• Summary
  • Contents
  • Subject index

The SAGE Handbook of Political Science presents a major retrospective and prospective overview of the discipline. Comprising three volumes of contributions from expert authors from around the world, the handbook aims to frame, assess and synthesize research in the field, helping to define and identify its current and future developments. It does so from a truly global and cross-area perspective. Chapters cover a broad range of aspects, from providing a general introduction to exploring important subfields within the discipline. Each chapter is designed to provide a state-of-the-art and comprehensive overview of the topic by incorporating cross-cutting global, interdisciplinary, and, where this applies, gender perspectives. The Handbook is arranged over seven core thematic sections: Part 1: Political Theory; Part 2: Methods; Part 3: Political Sociology; Part ...

Configurative Methods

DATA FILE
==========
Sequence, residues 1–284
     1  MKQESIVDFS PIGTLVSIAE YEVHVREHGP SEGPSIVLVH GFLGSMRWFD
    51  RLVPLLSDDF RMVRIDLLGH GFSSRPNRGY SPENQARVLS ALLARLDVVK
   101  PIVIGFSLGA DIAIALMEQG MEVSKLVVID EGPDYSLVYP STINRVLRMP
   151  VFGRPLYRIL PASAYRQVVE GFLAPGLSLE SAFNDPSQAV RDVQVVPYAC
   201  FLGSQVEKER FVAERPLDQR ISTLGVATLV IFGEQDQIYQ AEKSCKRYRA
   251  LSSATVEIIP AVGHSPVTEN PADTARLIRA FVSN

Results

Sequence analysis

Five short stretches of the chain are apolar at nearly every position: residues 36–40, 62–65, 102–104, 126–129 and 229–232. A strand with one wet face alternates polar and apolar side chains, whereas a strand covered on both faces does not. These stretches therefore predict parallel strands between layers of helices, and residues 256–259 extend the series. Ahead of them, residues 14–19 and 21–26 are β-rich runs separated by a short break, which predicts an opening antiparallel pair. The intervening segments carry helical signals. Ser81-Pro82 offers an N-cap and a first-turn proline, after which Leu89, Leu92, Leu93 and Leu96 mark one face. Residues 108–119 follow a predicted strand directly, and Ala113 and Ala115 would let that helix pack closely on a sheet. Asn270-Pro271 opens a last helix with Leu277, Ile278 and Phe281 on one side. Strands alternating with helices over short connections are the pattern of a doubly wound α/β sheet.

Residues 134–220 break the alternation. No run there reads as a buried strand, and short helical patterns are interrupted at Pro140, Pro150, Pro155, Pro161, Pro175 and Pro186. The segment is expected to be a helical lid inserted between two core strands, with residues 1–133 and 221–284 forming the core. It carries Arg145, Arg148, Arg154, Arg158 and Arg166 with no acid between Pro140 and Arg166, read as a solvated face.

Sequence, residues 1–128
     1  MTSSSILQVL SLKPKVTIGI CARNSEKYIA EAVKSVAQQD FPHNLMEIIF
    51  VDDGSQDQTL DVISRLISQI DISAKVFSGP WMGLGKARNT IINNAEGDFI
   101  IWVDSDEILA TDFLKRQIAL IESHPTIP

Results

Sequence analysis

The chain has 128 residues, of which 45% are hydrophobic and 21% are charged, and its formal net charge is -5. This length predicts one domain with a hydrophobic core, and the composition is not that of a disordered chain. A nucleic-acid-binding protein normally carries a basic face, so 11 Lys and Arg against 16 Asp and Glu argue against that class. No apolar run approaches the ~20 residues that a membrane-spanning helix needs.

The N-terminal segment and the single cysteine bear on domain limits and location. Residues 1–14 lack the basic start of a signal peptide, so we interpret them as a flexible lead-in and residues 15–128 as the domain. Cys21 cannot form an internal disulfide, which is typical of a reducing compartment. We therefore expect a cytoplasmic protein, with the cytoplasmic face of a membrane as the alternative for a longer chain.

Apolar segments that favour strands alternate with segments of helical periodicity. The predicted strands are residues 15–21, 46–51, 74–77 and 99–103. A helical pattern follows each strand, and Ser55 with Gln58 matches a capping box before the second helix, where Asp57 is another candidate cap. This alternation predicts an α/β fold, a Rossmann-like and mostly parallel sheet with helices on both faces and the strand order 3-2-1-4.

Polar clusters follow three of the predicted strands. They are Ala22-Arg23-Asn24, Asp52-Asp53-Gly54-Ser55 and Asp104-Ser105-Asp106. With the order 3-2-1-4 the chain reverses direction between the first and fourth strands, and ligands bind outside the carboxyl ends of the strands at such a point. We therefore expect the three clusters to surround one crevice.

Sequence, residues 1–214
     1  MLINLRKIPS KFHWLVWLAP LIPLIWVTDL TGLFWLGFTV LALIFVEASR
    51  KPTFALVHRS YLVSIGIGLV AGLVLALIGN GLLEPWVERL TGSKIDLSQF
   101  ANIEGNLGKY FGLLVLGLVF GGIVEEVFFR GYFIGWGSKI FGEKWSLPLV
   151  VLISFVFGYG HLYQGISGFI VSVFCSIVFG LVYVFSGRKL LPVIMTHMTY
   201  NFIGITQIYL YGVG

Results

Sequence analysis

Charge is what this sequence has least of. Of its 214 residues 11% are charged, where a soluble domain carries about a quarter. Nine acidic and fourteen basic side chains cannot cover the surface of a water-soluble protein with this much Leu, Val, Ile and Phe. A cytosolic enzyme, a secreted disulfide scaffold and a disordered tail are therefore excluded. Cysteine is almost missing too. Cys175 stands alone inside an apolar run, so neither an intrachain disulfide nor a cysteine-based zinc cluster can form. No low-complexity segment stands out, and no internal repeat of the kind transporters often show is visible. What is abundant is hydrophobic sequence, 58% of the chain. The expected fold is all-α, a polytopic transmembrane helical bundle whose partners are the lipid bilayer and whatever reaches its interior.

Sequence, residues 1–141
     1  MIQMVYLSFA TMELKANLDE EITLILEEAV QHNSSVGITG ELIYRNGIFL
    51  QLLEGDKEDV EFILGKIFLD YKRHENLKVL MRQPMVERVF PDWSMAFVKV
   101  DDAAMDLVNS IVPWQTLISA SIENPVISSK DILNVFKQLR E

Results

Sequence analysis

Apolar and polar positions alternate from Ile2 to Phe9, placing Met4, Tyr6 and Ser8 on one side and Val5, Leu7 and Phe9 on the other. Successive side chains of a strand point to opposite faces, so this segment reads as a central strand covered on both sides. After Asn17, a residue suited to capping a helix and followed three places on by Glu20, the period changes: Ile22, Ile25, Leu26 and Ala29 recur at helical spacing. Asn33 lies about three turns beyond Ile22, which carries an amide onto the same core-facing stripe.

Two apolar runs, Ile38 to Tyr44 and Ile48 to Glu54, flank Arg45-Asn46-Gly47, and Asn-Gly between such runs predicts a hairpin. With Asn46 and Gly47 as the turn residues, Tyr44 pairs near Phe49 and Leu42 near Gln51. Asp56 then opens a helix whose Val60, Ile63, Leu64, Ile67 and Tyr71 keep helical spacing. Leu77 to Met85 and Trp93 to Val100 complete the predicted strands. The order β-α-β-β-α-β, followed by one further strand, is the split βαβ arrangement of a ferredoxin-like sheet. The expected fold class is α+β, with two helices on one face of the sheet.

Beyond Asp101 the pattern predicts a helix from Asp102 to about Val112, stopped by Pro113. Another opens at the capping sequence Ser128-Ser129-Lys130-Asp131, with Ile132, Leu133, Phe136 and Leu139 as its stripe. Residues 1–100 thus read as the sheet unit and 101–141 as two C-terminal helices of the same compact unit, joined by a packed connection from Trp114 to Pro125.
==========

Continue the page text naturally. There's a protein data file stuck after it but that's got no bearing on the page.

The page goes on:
Configurative methods
Claudius Wagemann
1. Introduction

At first, it is necessary to get a closer understanding of what ‘configurative methods’ are, since the term is not very frequently used in social science methodology. We can most easily refer to Rihoux and Ragin (2009a) which has a very similar title (Configurational Comparative Methods). When looking at the single contributions to that volume, it becomes clear that most of the chapters1 deal with a specific method, which has also become known as Qualitative Comparative Analysis (QCA) and is mainly connected to Ragin's widely read contributions (Ragin, 1987, 2000, 2008; see also Schneider and Wagemann, 2012). While Rihoux and Ragin (2009b: xix) even explicitly refer to QCA in all its variants2 when speaking ...

  • Loading...
locked icon

Sign in to access this content

Get a 30 day FREE TRIAL

  • Watch videos from a variety of sources bringing classroom topics to life
  • Read modern, diverse business cases
  • Explore hundreds of books and reference titles